Children can learn many helpful life skills through woodworking. Woodworking inspires creativity by turning raw materials into a finished project. It teaches the process of careful planning, measuring and the importance of seeing a project through to completion. It promotes fine motor skills, creative thinking and conceptualization. Woodworking also teaches valuable lessons in safety and self esteem that translates to other parts of children's lives.
Children as young as toddlers can begin to learn about woodworking through simple projects that do not even require the use of tools. You can encourage creativity by working with small children on crafts using basic wood products, non-toxic paint and glue. Using materials such as wood dowels, wood balls, wood discs, wood food parts or even smoothly sanded wood scraps leftover from other projects, an endless number of crafts are possible. You can create a wooden face, allowing the child to paint the parts of the face and assemble them with glue. Seasonal crafts such as ornaments for Christmas, turkeys for Thanksgiving or pumpkins for Halloween are also fun for children and make sentimental keepsakes for parents and grandparents. Young children should be supervised at all times when using any of these materials.
Older children can participate in the creation of more involved woodworking projects.
Some older children may be ready to begin using real tools with adult assistance and supervision. Older children may be able to assist with projects such as:
- Building and staining or painting a photo frame
- Planning and building a doll house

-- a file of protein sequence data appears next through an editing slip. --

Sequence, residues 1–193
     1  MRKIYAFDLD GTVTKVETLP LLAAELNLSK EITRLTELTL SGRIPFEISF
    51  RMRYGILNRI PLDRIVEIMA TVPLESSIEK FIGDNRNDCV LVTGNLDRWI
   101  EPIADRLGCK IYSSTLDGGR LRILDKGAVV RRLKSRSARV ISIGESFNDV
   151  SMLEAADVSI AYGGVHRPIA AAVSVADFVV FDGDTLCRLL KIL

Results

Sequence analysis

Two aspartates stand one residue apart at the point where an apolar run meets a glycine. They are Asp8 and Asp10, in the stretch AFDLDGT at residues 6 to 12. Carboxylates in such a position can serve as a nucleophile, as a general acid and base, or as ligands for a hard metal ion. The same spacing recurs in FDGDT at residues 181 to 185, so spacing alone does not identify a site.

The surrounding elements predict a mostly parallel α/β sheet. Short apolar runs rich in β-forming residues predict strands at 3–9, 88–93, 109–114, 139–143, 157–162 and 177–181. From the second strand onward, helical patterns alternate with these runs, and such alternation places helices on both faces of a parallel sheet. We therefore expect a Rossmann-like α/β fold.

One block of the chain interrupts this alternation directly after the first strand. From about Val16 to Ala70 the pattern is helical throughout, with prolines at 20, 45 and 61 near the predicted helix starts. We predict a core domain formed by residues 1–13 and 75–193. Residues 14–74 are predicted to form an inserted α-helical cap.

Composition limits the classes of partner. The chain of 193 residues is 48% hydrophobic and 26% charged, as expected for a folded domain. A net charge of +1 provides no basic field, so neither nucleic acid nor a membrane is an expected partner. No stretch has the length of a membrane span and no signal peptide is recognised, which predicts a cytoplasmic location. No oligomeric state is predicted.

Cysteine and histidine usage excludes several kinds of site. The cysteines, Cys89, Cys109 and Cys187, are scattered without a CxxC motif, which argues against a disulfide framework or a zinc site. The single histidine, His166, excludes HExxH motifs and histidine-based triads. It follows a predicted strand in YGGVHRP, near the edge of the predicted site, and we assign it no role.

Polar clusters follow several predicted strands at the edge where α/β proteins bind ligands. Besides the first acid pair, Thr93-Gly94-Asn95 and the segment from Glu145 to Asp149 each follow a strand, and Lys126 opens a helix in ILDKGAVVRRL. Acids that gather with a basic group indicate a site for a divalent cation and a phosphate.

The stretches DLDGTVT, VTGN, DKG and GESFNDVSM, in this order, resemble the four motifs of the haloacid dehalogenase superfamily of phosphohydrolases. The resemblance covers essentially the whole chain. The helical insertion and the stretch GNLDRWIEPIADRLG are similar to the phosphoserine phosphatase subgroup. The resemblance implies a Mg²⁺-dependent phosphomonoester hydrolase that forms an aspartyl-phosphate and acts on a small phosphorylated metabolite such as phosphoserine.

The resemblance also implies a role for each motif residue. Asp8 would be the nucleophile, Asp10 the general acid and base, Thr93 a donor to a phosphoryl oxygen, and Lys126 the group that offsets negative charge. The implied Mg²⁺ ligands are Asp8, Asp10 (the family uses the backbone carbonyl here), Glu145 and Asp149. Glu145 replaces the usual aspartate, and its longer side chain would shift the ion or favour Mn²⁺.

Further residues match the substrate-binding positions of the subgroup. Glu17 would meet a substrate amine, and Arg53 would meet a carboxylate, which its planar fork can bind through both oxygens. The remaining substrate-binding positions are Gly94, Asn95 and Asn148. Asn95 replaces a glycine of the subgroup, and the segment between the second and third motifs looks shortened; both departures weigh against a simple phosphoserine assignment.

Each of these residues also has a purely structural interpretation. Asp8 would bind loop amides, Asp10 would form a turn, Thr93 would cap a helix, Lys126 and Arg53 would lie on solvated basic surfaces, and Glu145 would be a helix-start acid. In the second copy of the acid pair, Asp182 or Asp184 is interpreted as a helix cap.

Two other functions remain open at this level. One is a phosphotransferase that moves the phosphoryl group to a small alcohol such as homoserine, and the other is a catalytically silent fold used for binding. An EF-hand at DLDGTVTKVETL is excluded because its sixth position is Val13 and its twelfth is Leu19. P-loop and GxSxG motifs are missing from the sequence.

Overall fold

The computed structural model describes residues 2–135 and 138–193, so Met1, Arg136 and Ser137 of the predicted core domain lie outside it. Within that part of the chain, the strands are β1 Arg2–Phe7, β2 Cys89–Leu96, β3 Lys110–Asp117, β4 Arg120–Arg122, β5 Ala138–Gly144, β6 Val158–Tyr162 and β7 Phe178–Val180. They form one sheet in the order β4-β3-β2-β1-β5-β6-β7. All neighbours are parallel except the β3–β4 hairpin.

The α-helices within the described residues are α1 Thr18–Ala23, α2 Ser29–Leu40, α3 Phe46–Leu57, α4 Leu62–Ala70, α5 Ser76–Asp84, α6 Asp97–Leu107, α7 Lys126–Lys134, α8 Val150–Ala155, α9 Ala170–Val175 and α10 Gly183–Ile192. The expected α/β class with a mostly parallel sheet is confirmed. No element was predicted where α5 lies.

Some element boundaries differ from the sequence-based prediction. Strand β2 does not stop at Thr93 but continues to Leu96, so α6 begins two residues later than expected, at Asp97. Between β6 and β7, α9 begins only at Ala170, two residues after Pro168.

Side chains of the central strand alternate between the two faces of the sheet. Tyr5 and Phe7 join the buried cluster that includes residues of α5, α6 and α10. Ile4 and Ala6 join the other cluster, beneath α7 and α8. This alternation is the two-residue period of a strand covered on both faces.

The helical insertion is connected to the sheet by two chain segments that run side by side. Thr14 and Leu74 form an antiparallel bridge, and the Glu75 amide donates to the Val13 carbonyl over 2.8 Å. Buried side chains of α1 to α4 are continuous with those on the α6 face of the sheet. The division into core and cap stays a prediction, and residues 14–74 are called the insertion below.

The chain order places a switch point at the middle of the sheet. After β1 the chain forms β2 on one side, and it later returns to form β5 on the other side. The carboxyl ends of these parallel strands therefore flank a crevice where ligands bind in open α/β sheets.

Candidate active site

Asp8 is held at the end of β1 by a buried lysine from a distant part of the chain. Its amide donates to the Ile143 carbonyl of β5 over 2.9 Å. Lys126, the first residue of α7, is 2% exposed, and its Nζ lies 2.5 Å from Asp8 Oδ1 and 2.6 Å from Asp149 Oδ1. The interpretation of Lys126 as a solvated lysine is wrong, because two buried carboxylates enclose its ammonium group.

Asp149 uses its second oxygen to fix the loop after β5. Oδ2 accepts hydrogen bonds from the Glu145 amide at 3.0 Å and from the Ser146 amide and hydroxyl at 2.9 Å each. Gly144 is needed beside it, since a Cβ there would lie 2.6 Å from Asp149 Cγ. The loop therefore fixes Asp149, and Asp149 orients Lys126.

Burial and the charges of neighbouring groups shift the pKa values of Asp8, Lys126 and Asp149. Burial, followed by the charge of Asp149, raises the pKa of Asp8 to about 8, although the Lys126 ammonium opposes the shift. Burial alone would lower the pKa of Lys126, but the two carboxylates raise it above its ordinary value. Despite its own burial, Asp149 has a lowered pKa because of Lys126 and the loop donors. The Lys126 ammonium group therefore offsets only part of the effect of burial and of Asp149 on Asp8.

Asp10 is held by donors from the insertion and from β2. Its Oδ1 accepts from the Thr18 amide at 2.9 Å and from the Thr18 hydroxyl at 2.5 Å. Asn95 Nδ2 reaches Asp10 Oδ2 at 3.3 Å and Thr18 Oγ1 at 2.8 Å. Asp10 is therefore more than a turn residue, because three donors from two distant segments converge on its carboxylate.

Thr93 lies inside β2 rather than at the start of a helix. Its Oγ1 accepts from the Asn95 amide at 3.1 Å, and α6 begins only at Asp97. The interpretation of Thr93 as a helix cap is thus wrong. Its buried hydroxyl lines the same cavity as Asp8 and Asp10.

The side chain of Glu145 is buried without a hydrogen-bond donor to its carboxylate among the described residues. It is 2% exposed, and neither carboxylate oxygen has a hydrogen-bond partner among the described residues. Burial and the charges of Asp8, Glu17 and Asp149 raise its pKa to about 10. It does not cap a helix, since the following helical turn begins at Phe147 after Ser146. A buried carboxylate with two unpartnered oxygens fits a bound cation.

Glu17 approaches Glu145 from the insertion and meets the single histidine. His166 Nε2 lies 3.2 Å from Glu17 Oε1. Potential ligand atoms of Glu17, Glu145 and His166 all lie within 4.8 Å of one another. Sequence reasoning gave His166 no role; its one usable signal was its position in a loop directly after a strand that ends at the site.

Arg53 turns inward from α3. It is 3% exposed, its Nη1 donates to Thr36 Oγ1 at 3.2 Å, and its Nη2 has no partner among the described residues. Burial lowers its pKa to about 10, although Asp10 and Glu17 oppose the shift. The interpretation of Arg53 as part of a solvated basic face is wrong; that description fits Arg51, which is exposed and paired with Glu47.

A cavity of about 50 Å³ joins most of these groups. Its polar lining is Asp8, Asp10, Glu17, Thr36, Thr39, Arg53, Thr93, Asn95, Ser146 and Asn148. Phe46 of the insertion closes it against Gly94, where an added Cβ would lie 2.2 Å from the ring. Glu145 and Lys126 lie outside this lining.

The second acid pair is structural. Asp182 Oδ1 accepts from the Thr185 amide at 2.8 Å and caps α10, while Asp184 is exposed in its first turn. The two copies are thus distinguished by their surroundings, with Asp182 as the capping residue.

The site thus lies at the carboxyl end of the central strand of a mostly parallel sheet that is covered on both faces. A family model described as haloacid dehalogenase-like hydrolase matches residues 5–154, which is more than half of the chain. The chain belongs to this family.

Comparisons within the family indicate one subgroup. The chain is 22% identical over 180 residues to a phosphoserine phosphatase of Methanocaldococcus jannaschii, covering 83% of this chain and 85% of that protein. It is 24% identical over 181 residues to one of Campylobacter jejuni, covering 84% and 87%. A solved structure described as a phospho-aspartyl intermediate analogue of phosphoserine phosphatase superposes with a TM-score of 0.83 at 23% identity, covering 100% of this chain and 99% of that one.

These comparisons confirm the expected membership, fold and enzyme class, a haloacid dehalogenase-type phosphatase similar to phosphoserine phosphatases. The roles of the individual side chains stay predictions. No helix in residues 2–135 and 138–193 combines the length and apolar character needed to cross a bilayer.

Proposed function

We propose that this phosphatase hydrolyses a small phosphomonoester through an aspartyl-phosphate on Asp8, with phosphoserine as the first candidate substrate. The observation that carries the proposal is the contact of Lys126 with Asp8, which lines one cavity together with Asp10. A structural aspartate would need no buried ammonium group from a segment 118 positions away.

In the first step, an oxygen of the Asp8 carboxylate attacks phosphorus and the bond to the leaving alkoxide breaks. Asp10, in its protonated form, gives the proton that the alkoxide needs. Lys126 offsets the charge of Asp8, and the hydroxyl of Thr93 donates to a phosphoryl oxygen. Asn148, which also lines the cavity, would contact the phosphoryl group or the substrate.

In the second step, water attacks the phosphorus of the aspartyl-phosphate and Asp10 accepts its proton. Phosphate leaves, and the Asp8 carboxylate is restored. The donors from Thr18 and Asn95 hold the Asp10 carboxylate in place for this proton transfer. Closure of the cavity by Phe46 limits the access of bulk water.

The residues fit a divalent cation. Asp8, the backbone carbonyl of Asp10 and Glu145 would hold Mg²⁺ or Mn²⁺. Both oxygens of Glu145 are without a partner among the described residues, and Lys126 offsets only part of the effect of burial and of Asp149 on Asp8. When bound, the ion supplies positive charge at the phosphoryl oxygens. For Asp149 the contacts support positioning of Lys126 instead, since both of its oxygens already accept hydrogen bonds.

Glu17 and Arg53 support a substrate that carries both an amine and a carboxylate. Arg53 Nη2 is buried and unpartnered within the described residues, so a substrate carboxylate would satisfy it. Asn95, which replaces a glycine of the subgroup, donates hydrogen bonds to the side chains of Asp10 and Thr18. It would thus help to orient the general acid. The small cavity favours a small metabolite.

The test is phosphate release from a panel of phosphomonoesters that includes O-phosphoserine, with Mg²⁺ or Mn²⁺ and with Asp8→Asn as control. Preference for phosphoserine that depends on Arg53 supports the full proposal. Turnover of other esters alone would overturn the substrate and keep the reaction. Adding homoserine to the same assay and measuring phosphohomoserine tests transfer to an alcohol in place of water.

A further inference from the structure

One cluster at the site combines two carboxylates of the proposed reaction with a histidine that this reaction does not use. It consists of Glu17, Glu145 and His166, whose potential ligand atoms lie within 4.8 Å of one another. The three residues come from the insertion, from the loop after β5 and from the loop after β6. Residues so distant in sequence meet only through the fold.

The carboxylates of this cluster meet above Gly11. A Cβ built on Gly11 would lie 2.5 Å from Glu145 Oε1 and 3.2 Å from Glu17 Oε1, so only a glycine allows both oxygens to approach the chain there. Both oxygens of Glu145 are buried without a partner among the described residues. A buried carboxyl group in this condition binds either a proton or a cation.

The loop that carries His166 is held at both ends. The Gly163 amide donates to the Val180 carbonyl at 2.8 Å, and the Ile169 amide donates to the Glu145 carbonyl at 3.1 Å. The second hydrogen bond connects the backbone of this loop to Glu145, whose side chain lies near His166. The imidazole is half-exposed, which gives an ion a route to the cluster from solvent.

- Crafting and painting a bird house
- Building a basic wooden box
- Making a ring toss game
- Creating simple wooden toys that they can keep
When working with children of any age, be sure to teach them the fundamental safety precautions that should be used in any woodshop, even when power tools are not in use. Learning to plan carefully and keep safety at the forefront of one's mind is an important life skill that a child can use beyond woodworking.
Whatever type of project you choose to share with a child, it is best to tailor the project to the child's age, interest and attention span. Starting with a simple project that requires few or no tools may be helpful, even for older children who are just starting out. Even if the child is too young to use tools, you can still educate him or her about power tool safety, how to use particular tools properly and the uses for different types of tools. One approach is to have some pieces cut, sanded and ready to assemble so that the child has an opportunity to participate in the project.
Most importantly, children of any age should always be under direct adult supervision in the workshop or anywhere there are power tools. They should always wear properly fitting safety attire and practice woodshop safety. Sharing a woodworking project is a great way to bond with a child while fostering creativity and self esteem while building life skills.
Source by Dave A Murphy